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Why is Religious Fundamentalism spreading so far as of 2004?

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Joe Levy Politics Homework Why is Religious Fundamentalism spreading so far as of 2004? Religion no longer plays a leading part in the lives of most of the inhabitants of the industrialized west. We can define religious fundamentalism by looking at Professor Scruton, who identifies two components to religion. The first is belief in spiritual, non corporeal beings who may have created the universe and the living beings which inhabit it, and have the power to intervene in the affairs of the world, for good or bad, and to hand out rewards or punishments to mortals after they die; these rewards or punishments may include being sent to a Heaven or Hell or whatever that particular faith's equivalent may be, or being reincarnated into this world with higher or lower status. The second is piety, which means belief that such beings are morally superior to mortals, have set out codes of conduct for humans to follow, and that one must abide by these ...read more.


Religious fundamentalism is very much seen as the creation of the modern world. Although typical fundamentalists reject technology, the ideology can be said to be 'evolving' as it has incorporated it as with the Taliban and www.taliban.com. Religious fundamentalism has seemed to arisen in societies suffering from a deep sense of crisis, particularly identity. The question is whether religious fundamentalism is destined to survive throughout the twenty-first century, or ultimately be viewed as a temporary phenomenon, linked to the conjunction of particular historical circumstances. The question of the future of fundamentalism raises two starkly different scenarios. The first questions the long-term viability of any religiously-based political creed in the modern world, and highlights the particular limitations of fundamentalism as a political project. According to this view, fundamentalist religion is essentially a symptom of the difficult adjustments that modernization brings about, but it is ultimately doomed because it is out of step with the principal thrust of the modernization process. ...read more.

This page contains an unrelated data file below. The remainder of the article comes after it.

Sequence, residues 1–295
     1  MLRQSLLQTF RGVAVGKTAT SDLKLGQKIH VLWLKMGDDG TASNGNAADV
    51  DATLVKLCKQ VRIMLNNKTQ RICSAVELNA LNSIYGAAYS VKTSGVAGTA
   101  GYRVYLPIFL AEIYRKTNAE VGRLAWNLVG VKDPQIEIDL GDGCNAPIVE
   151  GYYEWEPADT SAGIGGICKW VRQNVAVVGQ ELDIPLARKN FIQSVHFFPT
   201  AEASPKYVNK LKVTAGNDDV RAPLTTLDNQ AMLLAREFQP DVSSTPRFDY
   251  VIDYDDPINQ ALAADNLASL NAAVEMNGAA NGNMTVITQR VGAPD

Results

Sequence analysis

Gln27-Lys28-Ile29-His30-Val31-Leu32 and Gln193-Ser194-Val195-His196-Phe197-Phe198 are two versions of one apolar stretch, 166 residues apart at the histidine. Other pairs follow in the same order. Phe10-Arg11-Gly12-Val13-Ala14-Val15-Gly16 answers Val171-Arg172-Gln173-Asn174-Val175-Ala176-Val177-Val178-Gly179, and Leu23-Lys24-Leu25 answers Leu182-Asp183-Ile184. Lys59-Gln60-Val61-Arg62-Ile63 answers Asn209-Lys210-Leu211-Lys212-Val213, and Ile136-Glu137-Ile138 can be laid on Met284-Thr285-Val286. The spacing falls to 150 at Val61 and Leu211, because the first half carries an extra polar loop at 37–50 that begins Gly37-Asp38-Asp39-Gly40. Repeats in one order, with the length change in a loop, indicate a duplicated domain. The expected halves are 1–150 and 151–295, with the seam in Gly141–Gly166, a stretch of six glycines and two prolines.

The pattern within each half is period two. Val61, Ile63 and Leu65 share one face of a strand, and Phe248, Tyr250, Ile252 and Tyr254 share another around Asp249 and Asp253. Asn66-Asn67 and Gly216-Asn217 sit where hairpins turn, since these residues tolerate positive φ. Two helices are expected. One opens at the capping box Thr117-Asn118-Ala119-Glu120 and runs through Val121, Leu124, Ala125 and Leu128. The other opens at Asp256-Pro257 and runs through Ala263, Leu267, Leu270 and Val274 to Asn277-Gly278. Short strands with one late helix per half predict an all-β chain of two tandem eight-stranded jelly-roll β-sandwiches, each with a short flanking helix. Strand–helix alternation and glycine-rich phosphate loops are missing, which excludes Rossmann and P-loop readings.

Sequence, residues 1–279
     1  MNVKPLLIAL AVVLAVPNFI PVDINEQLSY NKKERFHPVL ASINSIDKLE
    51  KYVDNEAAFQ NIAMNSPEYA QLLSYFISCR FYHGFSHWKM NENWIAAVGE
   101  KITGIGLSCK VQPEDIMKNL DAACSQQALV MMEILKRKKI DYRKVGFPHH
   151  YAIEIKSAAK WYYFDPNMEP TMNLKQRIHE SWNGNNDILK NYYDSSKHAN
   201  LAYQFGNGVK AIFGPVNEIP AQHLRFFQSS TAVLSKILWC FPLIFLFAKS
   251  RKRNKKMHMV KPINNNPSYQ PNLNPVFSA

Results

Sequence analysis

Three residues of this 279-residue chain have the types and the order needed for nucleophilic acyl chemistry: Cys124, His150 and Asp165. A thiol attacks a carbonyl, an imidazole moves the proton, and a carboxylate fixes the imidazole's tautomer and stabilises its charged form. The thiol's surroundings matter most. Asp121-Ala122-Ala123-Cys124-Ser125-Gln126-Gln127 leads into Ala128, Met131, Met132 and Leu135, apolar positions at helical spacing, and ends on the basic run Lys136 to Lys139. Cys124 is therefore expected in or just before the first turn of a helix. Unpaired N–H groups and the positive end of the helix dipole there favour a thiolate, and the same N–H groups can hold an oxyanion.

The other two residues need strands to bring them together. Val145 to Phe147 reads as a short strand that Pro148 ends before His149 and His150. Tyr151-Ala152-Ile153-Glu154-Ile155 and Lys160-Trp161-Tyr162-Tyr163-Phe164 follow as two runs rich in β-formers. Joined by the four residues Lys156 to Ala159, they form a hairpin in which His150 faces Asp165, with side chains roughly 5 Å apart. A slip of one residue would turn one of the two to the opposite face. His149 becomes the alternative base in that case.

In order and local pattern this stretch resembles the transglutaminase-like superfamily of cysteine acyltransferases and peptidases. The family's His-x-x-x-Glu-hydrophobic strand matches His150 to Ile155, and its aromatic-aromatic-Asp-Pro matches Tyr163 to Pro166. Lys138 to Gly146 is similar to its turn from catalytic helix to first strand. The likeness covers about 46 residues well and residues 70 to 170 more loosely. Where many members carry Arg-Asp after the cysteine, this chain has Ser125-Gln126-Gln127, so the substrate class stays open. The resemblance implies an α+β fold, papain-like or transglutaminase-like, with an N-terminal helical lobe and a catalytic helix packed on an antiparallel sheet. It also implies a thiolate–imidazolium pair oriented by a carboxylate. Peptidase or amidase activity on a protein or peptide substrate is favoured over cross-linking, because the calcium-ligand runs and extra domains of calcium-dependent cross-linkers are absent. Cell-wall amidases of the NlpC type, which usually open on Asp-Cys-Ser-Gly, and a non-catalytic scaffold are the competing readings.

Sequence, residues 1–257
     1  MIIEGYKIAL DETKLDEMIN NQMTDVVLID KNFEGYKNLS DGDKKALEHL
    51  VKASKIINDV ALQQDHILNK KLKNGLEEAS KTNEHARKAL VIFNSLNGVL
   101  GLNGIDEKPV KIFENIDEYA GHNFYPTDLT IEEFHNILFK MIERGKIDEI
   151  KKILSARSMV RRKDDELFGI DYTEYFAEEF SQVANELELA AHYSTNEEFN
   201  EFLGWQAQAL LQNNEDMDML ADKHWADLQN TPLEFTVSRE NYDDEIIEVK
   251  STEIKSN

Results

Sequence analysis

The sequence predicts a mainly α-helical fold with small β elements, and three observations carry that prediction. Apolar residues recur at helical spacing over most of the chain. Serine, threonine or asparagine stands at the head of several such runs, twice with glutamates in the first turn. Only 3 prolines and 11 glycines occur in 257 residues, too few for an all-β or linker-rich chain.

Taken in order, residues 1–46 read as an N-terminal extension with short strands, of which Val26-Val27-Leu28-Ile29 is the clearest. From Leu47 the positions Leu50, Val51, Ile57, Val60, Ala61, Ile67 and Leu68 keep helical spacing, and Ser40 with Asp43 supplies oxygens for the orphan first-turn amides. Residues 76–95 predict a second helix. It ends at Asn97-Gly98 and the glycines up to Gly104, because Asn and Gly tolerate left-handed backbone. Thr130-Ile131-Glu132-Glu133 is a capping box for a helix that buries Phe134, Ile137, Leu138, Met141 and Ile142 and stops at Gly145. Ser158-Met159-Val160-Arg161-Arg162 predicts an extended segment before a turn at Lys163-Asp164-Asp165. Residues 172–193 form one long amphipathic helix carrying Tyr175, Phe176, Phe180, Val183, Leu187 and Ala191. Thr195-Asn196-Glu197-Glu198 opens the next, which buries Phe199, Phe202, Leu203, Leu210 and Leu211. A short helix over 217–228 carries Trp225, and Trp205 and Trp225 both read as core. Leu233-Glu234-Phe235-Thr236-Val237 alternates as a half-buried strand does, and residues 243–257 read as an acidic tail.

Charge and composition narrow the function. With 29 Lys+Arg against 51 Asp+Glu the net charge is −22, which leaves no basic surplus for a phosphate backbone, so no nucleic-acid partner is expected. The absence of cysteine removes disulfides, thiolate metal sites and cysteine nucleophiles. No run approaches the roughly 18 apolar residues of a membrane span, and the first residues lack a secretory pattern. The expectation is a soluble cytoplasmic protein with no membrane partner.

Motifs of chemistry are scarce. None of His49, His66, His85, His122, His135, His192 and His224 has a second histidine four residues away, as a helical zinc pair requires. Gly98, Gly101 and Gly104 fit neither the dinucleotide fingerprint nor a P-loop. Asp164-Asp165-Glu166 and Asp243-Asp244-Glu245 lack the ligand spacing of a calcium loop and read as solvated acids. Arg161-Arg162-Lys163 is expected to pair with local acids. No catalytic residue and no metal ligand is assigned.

The rival view holds that religious fundamentalism offers a glimpse of the 'postmodern' future. From this perspective, it is secularism and liberal culture that are in crisis. Their weakness, dramatically exposed by fundamentalism, is their failure to address deeper human needs and their inability to establish authoritative values that give social order a moral foundation. Far from the emerging global system fostering uniformity modeled on western liberal democracy, this view suggests that a more likely scenario is that the twentieth-century battle between capitalism and communism will give way to some form of clash of civilizations. Competing transnational power blocs will emerge, and religion is likely to provide them with a distinctive politico-cultural identity. Fundamentalism, in this version, is seen to have strengths rather than weaknesses. Religious fundamentalists have already demonstrated their adaptability by embracing the weapons and spirit of the modern world, and the very fact that they are not encumbered by tradition but travel 'fast and light' enables them to reinvent their creeds in response to the challenges of post modernity. ...read more.

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